Comments at Eli's previous post led me to Chris Mooney's fun and games at WaPo, reporting on some law professor talking about how a Harvard researcher showed that melting Greenland will lower regional sea level for places like the Netherlands and therefore it's all great. When pressed skeptically by physicist/Congressman Bill Foster who says the overall effect must be to raise sea level, Prof Rotunda says, "Read his article, that's what he says".
Okay, let's do that! Here is Harvard's Jerry Mitrovica:
When an ice sheet melts, that gravitational influence diminishes, and water moves away from the ice sheet, causing sea levels to drop as far as 2,000 kilometers away. (The drop is most pronounced close to the glacier, because gravity’s effects dissipate with distance.)Vindication! Unless of course the very next sentences tell us something additional:
But because the sea level has fallen where the ice sheet melted, it rises everywhere else beyond that 2,000-kilometer boundary, and on distant shores this rise is far greater than the global average. The effect amplifies the rise in average global sea level attributable to the addition of the meltwater itself to the oceans.
Either Prof. Rotunda had failed to read more than two and one-half paragraphs of an article he discusses in Congressional testimony at some length, or he's being deceptive.
On top of that, three other points. First it's not clear that the 2000 km range is a net effect after considering the effect of increased ocean volume from melt, or just the range of discernible gravitational effect. If the latter, then Rotunda's claim that Netherlands gets a benefit is misplaced in yet another way. The quote is in a mainstream magazine, not peer reviewed. I thought I was being lazy by not finding the original publication, but besides not knowing where it is, I'm not testifying to Congress right now.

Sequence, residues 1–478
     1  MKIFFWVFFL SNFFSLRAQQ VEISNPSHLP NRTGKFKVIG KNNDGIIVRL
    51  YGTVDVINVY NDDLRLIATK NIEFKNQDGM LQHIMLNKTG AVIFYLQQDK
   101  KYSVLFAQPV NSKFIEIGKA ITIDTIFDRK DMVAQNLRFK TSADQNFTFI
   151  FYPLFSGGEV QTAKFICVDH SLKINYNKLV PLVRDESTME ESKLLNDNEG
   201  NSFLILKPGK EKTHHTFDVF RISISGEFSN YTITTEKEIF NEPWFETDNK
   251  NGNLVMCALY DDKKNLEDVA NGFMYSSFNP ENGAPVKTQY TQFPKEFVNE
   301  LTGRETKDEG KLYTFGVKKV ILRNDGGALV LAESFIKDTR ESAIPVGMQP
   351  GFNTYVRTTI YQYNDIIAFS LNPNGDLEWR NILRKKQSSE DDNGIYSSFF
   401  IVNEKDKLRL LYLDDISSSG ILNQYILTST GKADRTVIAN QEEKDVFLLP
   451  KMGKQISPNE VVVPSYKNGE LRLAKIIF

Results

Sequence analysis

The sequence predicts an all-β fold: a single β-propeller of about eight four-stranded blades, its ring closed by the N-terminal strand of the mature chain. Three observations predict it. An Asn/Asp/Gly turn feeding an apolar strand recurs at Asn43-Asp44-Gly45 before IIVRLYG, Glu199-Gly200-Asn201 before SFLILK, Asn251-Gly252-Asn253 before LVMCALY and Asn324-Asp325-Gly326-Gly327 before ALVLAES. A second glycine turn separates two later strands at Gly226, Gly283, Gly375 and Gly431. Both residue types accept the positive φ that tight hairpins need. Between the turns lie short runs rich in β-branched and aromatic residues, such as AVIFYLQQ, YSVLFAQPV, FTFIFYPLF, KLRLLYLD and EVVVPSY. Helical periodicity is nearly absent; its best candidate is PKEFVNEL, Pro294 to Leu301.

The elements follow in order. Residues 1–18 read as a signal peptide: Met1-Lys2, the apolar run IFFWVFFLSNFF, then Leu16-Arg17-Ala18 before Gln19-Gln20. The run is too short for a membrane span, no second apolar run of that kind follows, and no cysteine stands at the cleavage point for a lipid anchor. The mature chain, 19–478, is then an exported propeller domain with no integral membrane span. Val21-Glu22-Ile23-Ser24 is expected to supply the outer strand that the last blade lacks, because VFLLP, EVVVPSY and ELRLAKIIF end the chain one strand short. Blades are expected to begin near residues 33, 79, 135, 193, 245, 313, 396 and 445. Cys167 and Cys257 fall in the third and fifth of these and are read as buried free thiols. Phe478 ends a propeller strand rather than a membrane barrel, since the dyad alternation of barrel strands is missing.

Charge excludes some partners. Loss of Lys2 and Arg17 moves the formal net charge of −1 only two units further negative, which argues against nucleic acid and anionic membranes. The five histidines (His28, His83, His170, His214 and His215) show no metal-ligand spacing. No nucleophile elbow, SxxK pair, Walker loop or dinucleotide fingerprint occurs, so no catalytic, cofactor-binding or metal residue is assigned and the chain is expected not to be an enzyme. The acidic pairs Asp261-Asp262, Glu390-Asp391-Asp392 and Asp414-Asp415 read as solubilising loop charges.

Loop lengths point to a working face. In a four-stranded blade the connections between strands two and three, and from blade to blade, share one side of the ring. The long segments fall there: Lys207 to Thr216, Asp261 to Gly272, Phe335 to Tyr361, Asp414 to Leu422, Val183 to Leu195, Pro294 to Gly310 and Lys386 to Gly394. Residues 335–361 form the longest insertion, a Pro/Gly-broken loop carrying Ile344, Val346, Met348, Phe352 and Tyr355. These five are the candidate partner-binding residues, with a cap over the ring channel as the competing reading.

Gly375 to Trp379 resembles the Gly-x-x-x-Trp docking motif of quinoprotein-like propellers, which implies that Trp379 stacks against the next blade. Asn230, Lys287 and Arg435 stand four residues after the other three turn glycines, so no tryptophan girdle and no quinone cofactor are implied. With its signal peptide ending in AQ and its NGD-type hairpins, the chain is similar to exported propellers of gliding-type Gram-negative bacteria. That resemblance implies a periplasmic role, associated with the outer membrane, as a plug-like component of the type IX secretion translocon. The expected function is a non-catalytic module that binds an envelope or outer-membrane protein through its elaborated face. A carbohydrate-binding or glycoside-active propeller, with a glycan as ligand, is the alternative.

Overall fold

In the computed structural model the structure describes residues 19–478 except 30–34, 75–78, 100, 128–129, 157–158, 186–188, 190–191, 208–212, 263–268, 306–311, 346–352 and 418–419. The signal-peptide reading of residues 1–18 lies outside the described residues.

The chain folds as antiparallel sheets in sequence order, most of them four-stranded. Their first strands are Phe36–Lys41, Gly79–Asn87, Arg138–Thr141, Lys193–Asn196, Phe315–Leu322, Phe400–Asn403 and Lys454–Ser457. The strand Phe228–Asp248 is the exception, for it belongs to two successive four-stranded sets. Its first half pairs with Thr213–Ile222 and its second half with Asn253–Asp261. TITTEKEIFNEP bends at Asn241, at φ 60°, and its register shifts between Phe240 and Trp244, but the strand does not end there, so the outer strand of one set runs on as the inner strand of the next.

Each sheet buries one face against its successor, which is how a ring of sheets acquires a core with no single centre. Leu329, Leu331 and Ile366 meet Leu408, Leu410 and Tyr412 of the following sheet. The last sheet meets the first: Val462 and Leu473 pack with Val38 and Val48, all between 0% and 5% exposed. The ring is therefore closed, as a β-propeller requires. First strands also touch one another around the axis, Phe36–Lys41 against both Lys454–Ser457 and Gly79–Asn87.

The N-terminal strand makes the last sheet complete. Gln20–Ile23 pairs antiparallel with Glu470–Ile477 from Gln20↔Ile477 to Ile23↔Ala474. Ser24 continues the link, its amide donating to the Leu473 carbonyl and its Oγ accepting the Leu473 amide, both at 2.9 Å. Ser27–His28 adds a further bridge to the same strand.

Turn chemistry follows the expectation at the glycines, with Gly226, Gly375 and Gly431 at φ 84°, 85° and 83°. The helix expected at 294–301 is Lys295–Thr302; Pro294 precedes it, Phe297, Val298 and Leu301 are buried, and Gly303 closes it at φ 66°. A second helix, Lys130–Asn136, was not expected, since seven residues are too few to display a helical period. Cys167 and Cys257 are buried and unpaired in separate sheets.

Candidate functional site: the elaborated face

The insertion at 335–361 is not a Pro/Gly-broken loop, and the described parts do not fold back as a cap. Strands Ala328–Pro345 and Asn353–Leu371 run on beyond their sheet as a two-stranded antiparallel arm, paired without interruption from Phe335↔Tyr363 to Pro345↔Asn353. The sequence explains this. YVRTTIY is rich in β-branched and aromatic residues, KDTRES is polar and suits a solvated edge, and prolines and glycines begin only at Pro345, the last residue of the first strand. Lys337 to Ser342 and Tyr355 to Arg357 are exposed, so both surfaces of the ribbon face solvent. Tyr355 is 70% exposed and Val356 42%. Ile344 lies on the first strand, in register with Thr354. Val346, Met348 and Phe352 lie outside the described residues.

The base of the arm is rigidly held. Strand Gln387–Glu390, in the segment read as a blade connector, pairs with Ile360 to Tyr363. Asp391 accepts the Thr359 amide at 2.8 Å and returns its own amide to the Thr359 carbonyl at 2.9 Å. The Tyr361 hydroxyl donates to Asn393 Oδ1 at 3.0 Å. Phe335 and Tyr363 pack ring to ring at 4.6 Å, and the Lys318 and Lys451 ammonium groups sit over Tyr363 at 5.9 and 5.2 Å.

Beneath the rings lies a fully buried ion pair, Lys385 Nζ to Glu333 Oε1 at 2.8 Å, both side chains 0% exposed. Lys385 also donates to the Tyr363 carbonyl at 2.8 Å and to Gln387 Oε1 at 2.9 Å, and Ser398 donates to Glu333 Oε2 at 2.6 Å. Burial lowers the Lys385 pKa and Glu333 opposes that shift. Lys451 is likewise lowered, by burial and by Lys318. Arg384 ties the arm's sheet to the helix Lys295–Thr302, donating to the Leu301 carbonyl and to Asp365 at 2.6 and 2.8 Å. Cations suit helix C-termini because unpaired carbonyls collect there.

Second, Greenland is big. Rotunda seems to think a magical gravity shield protects any place in Europe that's within 2000 km of any place in Greenland from all Greenlandish impacts. If most of the mass loss in Greenland is more than 2k away, it doesn't matter if some of it's closer - the net effect is worse than not considering gravitational effect.
Third, Rotunda needs to pull out a ruler and a map. Google Earth says no part of Netherlands is within 2000km of any part of Greenland's ice cap. I wonder if he did the miles/kilometer mixup, but maybe I'm just giving him too much credit. He says Europe doesn't need to worry about Greenland, but except for Northern UK, Ireland, and part of Scandinavia, no part of Greenland is with the magic distance Rotunda is discussing.